Saturday, November 23, 2019

Tucson, AZ: My First Football Game Since High School

University of Arizona football, Tucson, Arizona. September 2019.

A Tucson native took me to the opening game of the 2019 UofA Wildcats football season. I was pretty excited. No, that's not right. I was measuredly excited. Excited not because I expected to enjoy the football game, but excited, in a muted way, to see a live football game for the first time since high school. Hohoho! Make that live or on TV!

The only two things I remember about high school football are the Friday evening potlucks that girls hosted before the games, and this cheerleader chant: "First in 10, do it again, go, go, go!"

What I was excited to see at the Wildcats football game was the marching band. I'm always up for watching a marching band, especially the percussion.

Lots of people movement on campus on game day.

Tailgating parties on the grassy mall. Thousands of students, alumni, and game enthusiasts walking about outside and inside the various buildings. My friend himself is a UofA alumnus. He's bought football tickets for some FIFTY years!
University of Arizona drum corps, Tucson, Arizona. September 2019.

Before the game: Drums!

As a devoted Wildcat fan, my friend has a number of traditions associated with his game attendance. One is to line up for the Cat Walk, which I understand to be a human gauntlet through which the Wildcat players walk to the stadium about two hours before the game, when fans can shout their encouragements to the players.

However, my friend knew that I go a little weak in the knees at all things percussion, so he forewent the Cat Walk so that we could nab a good view of the crack drum corps on the mall while they got warmed up.

A video of one of the drill sets below:

Bear down? 

I get "Win one for the Gipper." The meaning is transparent, even if one does not know who or what a gipper is.

But the Wildcat exhortation to "bear down," which is ubiquitous upon t-shirts, signage, mugs, etc? 

Yes, I understand the meaning of bearing down on someone, as if you are chasing another, and you're getting, oh, so close! "Cap'n! The Klingons, they're bearin' down on us!"

But that's not the first meaning that comes to mind. Nope, it's for a woman in the final throes of giving birth, during which she gathers up her sphincter strength to push out a baby.

And wildcats are not bears. The Chicago Bears, on the other hand, are bears. It makes a mite more sense for them to bear down, to wit:

But enough of this snide commentary. I'm behaving like the stereotypical Bad Tourist who gives unsolicited advice to locals about how they ought to do things, even though I don't know fuck-all about nuthin'.

But this is serious

The first thing to strike me when I saw the women cheerleaders were their superficial attributes: 
  1. Mostly blonde
  2. Long, straight hair
  3. Again, based solely on the superficial - there appeared to be 0 women of color
To see if my perception was accurate, I visited the 2019-2020 line-up of the women cheerleaders. 

Hair color. Of 13 women, nine are blonde (mostly very light blonde), which = 69%. This is brow-raising, considering that only 5-10% of the US population is blonde.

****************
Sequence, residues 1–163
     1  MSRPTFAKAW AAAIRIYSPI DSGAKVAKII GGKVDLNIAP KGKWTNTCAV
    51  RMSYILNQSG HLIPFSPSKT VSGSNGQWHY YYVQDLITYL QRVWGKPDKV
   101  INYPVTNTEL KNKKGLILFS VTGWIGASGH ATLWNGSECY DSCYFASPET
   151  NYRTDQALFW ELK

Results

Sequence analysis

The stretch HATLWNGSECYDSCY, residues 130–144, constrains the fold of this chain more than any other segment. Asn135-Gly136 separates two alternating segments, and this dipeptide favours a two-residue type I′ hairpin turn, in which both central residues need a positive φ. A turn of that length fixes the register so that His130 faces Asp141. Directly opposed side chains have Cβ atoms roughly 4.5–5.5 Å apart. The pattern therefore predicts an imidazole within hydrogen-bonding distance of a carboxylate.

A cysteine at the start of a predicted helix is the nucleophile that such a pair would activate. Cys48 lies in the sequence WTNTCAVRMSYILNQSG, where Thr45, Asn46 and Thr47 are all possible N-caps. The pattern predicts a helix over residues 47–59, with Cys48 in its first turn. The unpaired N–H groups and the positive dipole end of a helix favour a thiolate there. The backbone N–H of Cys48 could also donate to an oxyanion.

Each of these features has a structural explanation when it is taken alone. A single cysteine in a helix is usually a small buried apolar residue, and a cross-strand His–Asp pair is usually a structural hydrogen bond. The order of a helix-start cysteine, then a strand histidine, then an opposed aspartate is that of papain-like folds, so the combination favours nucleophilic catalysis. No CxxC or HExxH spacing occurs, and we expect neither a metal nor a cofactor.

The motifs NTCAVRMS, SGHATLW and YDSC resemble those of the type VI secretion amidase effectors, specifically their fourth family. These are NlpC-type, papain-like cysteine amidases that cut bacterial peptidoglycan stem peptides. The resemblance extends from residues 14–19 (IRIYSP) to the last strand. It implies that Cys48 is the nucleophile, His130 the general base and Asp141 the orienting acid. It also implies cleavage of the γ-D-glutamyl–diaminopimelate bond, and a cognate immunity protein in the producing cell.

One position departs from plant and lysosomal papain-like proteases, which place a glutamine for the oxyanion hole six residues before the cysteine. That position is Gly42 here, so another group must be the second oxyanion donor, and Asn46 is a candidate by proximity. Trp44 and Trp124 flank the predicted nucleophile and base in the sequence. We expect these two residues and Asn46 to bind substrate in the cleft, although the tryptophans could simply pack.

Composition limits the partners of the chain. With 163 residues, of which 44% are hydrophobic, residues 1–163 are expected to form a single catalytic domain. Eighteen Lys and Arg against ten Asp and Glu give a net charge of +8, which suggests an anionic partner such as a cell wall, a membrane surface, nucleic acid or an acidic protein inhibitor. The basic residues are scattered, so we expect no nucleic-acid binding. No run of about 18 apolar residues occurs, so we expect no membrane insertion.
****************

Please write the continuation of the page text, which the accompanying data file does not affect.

Note: There's a dearth of reliable data on this topic, so I went with the best of a poor lot, using this source (see the most popular response), and then upping the estimate to be safer.

Complexion. All of the women cheerleaders are fair-to-medium complected. 

Hair style. No curly hair; no short hair. 

This past-century exclusivity is not OK. We just can't be blind to this anymore.

As a public institution, a university must portray a message of inclusion. This means being energetic about finding ways to attract more cheerleader candidates of color and of avoiding disparate impact, through organizational policies and traditions, on candidates of modest financial resources.

Here is the University of Arizona's cheerleader tryout info packet. It costs $50 to try out. Every cheerleader must pay $200 out-of-pocket for membership in a cheer leading association. Cheerleaders must fundraise an additional $300 by the first day of school in the spring semester. What?!

The time commitments demanded of the cheerleaders are such that I'm guessing it's difficult for a Wildcat cheerleader to have a part time job. 

Given that the cheerleaders are, in effect, working for the University of Arizona, it seems that they should receive financial compensation for same. 

Cheerleaders are athletes and should receive similar financial opportunities as other scholarship-eligible athletes at the university. 

To grow the diversity of a university's cheerleader squads, the school must look upstream, at the middle school and high school levels, where a lot of girls are shut out of cheerleading tryouts from the get-go because their families couldn't afford tumbling and gymnastic lessons when the girls were younger, and the families can't afford the annual cost to be a high school cheerleader. (Go here for a forum discussion on how much money a girl's family may have to pay out-of-pocket to be a cheerleader. Spoiler alert: It's not uncommon for the cost to reach over $1000 dollars for the first year.) 

Do better, Wildcats. (And Cardinals.)

Marching band!

University of Arizona football, Tucson, Arizona. September 2019.

 A snippet below

The Wildcats demolished their opponents.

University of Arizona football stadium, Tucson, Arizona. September 2019.

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